Brigitte Bardot is a French actress, singer, author, animal rights activist, and former fashion model who has a net worth of $65 million. Brigitte was one of the most popular actresses in the world in the 1950s and 1960s. She retired from acting in 1973 and has largely retreated to a private life. Today she is well known for her animal rights activism. Bardot has appeared in 47 films, including 1956’s “Et Dieu créa la femme” (“And God Created Woman”), 1960’s “La Vérité” (“The Truth”), and 1965’s “Viva Maria!” She released the studio albums “Brigitte” (1963), “B.B.” (1964), “Bonnie And Clyde” (1968), and “Show” (1968), and she published the books “Noonoah: Le petit phoque blanc” (1978), “Initiales B.B” (1996), “Le Carré de Pluton” (1999), “Un Cri Dans Le Silence” (2003), and “Pourquoi?” (2006). In 2011, Brigitte was ranked #2 on “Los Angeles Times Magazine’s” “50 Most Beautiful Women In Film” list.
Brigitte Bardot was born Brigitte Anne-Marie Bardot on September 28, 1934, in Paris, France. Bardot’s parents, Anne-Marie and Louis, raised Brigitte and her younger sister, Mijanou, in a conservative Catholic household. Louis was an engineer who owned several industrial factories, and the family lived in a seven-bedroom apartment. Bardot has said that when she and Mijanou accidentally broke their parents’ favorite vase, Louis whipped them 20 times and began treating them like “strangers.” Brigitte had amblyopia during her youth, and it caused decreased vision in her left eye. Bardot’s parents enrolled her in the private school Cours Hattemer when she was 7 years old, and she took dance lessons in her free time. She attended the Conservatoire de Paris and the Institut de la Tour, and she took ballet classes with choreographer Boris Knyazev. In 1949, Brigitte was hired as a “junior” fashion model by “Elle” and “Le Jardin des Modes” director Hélène Gordon-Lazareff, and she graced the cover of “Elle” at age 15.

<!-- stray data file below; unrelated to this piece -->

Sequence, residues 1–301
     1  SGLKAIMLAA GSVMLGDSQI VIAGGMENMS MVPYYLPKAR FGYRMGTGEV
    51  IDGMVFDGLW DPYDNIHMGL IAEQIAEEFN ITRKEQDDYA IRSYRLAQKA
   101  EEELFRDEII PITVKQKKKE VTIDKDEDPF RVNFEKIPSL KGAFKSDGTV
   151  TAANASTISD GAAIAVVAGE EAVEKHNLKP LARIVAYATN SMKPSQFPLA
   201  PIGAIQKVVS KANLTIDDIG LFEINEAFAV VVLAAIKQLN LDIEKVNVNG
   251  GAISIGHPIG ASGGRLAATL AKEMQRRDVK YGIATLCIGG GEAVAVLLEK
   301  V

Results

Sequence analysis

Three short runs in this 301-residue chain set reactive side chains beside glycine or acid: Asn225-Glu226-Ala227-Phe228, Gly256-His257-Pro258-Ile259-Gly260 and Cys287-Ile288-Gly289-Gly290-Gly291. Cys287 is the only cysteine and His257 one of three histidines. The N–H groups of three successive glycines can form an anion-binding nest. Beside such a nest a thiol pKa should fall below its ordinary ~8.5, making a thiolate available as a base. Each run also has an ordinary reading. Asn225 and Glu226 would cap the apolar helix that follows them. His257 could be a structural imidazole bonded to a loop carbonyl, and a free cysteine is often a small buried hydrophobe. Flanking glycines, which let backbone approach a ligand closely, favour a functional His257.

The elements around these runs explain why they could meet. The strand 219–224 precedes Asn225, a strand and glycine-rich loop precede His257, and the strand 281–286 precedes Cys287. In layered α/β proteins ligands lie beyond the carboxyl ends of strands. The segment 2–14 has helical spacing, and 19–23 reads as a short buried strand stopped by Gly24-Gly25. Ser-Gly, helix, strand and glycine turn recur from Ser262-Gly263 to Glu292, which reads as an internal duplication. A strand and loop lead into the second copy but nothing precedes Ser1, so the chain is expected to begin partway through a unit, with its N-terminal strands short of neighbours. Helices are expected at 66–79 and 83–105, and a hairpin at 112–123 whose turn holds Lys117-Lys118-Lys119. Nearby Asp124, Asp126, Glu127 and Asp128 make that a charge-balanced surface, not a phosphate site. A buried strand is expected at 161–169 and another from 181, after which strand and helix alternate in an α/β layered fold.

In 1952, Bardot appeared on the cover of “Elle” again and made her acting debut in the film “Le Trou normand” ( Crazy for Love”). She landed the title role in 1952’s “Manina, la fille sans voile” (“The Lighthouse-Keeper’s Daughter / The Girl in the Bikini”), then she appeared in 1953’s “Le Portrait de son père” (“His Father’s Portrait”) and “Act of Love” and 1954’s “Si Versailles m’était conté” (“Royal Affairs in Versailles”) and “Tradita” (“Concert of Intrigue”). Brigitte starred in five films in 1955, including “Le Fils de Caroline chérie” (“Caroline and the Rebels”), “Doctor at Sea,” and “La Lumière d’en face” (“The Light Across the Street”), and she played Andraste in the 1956 Hollywood film “Helen of Troy.” After she was cast in 1956’s “Mio figlio Nerone” (“Nero’s Weekend”), director Steno wanted Bardot to be blonde in the film, so instead of wearing a wig, she dyed her naturally brunette hair; she loved the results so much that she decided to stay blonde. In 1956, Brigitte also starred in the musical “Cette sacrée gamine” (“Naughty Girl”) and the comedies “En effeuillant la marguerite” (“Plucking the Daisy”) and “La Mariée est trop belle” (“The Bride Is Much Too Beautiful “), and she played Juliette Hardy in “And God Created Woman,” which catapulted her into international stardom.
Bardot appeared in 1957’s “La Parisienne,” 1958’s “Les bijoutiers du clair de lune” (“The Night Heaven Fell”) and “En cas de malheur” (“In Case of Adversity”), and 1959’s “La femme et le Pantin” (“A Woman Like Satan”), “Babette s’en va-t-en guerre” (“Babette Goes to War”), and “Voulez-vous danser avec moi?” (“Come Dance with Me!”). In 1958, she became France’s highest-paid actress. In 1960, Brigitte starred as Dominique Marceau, in “The Truth,” which earned an Academy Award nomination for Best Foreign Film. She appeared in 1962’s “Vie privée” (“A Very Private Affair”), then she co-starred with Jack Palance in 1963’s “Le Mépris” (“Contempt”) and with Anthony Perkins in 1964’s “Une ravissante idiote” (“The Ravishing Idiot”). In 1965, Bardot appeared as herself in “Dear Brigitte” alongside Jimmy Stewart, and she gave a BAFTA-nominated performance in “Viva Maria!” In 1968, she co-starred with Sean Connery in the Western “Shalako,” then she appeared in 1970’s “L’Ours et la Poupée” (“The Bear and the Doll”), “Les Novices” (“The Novices”), 1971’s “Boulevard du Rhum” (“Rum Runners”) and “Les Pétroleuses” (“The Legend of Frenchie King”), and 1973’s “Don Juan 1973 ou Si Don Juan était une femme…” (Don Juan, or If Don Juan Were a Woman”) and “L’histoire très bonne et très joyeuse de Colinot Trousse-Chemise” (“The Edifying and Joyous Story of Colinot”). In 1973, Brigitte announced her retirement from acting at the age of 39, and the following year, she marked her 40th birthday by posing nude for “Playboy” magazine.